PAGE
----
Majority of mining organisations reporting significant return on investment following period of increased deployment of Internet of Things (IoT) solutions
New research from Inmarsat, the world leader in global, mobile satellite communications, has found that mining businesses expect to invest a considerable portion of their IT budgets into the Internet of Things (IoT) over the next three years, while the sector’s leading investors are already seeing tangible benefits, such as improved health and safety and staff productivity. This level of planned spend on IoT marks it out as a critical next generation technology as mining companies continue to navigate the Covid-19 pandemic, giving them the tools to become more resilient, more flexible and quicker to adapt and react to change.
These findings are taken from the latest edition of Inmarsat’s research programme into IoT trends, The Rise of IoT in Mining. Focusing on investment levels across Industry 4.0 technologies, the research found that, over the past three years, cloud computing, cybersecurity and IoT have seen the highest percentage of budgetary investment, totalling 5.7%, 4.2% and 3.9% respectively. These three technologies are set to retain the highest percentage of investment in the next three years rising to 9.8%, 8.4% and 7.6% respectively. This reflects the wider increases across the other technologies surveyed, including machine learning, artificial intelligence and robotics.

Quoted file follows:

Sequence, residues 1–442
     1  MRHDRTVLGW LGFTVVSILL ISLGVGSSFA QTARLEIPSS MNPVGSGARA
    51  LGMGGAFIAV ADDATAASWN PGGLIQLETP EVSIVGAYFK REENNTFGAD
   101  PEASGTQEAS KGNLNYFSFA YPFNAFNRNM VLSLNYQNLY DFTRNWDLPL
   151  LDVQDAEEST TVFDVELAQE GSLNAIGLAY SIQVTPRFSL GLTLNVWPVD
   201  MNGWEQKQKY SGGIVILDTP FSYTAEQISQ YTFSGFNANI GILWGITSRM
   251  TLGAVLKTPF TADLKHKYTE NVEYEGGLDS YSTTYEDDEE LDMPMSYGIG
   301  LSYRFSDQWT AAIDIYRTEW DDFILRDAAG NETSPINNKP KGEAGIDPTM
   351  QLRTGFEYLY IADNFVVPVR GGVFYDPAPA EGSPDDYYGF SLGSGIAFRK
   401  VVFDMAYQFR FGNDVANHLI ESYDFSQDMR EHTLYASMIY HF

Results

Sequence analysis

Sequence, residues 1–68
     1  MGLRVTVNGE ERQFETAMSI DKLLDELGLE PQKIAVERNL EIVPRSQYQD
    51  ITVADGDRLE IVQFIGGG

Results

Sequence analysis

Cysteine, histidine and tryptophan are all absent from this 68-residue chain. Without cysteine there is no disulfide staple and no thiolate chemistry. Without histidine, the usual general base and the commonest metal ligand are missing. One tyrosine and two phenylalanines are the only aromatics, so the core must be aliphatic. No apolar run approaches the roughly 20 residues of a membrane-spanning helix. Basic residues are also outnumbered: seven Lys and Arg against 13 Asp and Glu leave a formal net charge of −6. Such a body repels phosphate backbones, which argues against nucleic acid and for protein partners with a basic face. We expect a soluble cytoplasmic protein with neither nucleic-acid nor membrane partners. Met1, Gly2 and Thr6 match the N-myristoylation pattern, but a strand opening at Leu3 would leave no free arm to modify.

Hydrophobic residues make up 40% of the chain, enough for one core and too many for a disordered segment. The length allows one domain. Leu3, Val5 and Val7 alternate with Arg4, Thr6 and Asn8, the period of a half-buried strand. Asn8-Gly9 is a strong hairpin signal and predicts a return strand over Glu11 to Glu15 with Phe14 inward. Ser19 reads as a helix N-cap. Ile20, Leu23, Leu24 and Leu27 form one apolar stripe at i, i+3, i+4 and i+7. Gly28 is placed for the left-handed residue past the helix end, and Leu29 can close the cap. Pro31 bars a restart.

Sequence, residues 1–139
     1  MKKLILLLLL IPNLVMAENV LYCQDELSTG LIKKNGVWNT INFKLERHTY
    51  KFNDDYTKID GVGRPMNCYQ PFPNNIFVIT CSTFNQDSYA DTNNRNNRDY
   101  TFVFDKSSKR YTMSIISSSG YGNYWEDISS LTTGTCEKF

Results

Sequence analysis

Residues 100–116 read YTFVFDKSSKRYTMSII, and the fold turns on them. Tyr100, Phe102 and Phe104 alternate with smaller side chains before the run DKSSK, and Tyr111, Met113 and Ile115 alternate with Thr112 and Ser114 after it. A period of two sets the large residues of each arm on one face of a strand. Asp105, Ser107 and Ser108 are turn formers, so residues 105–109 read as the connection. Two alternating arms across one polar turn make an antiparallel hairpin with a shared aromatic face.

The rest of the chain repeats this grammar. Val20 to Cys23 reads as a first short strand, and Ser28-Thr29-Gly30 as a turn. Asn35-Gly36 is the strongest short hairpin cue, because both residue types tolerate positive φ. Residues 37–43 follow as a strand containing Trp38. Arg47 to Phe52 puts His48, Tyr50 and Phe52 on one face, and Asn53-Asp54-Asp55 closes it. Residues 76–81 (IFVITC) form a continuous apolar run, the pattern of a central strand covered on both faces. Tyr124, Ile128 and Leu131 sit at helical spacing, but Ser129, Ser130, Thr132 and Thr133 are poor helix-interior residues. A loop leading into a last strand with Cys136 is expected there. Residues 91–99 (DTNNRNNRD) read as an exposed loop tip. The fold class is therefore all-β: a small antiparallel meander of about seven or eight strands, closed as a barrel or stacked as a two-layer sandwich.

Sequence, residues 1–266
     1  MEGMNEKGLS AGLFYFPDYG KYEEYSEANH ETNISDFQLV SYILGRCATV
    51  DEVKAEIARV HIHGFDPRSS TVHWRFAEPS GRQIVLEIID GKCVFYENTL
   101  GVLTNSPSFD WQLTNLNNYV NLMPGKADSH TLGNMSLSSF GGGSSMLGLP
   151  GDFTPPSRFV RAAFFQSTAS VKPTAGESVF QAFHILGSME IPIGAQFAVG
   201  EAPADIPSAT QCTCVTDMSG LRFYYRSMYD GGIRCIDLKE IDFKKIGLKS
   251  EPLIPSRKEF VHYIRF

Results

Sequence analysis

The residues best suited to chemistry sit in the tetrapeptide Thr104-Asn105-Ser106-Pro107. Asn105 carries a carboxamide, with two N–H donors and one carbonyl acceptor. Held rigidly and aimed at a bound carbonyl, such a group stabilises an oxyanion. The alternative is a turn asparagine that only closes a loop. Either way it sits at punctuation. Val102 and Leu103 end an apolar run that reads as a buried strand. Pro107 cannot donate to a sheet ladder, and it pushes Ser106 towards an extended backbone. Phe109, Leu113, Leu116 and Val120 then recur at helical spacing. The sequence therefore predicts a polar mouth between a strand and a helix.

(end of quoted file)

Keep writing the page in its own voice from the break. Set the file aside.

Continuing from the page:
Encouragingly, mining companies also reported that their IoT deployments are continuing to make a positive impact on their bottom line. Currently, cost savings amounting to an average of 5.1% are being reported. Hopes of a future impact on cost savings are more pronounced, rising steadily from 7.7% in 12 months, 13.8% in three years’ and a significant 18.9% in five years’ time. This is a significant increase on previous research, where in 2018 mining organisations reported average current cost savings of an average of 1.76%, expected to rise to 16.02% by 2023. This not only illustrates the immediate return on investment (ROI) that IoT has brought to the sector over the past few years, but also the continued confidence the sector has in IoT to bring long-term cost savings.
Commenting on the findings, Nicholas Prevost, Director of Mining, Inmarsat, said: “Mining companies are starting to place more faith in IoT technologies, and with increased adoption they are starting to see an increase in cost savings amongst other tangible benefits. In the next five years this return on investment is set to grow further, ensuring that those companies investing in IoT are those that will lead the pack. From an investor community perspective, investment in IoT is a good indicator of a mining organisation’s resilience, efficiency and commitment to safety and sustainability. These are the sorts of markers that will ensure mining companies can thrive in the present and in the future, particularly in light of the challenges that Covid-19 has thrown at the industry.”
Prevost further stated: “However, accessing the benefits of IoT is dependent on a number of factors that contribute to successful deployments: the right skills and leadership, a commitment to cyber-security, the right use of data and perhaps most importantly the right connectivity. IoT relies on a number of interconnected connectivity technologies to work optimally. Inmarsat’s L-band satellite connectivity is particularly ideal for deployments in remote areas, where the bulk of mining happens, because of its superior reliability and coverage. Inmarsat is proud to be working with our mining partners to ensure their deployments are successful and they can achieve ROI wherever they are.”
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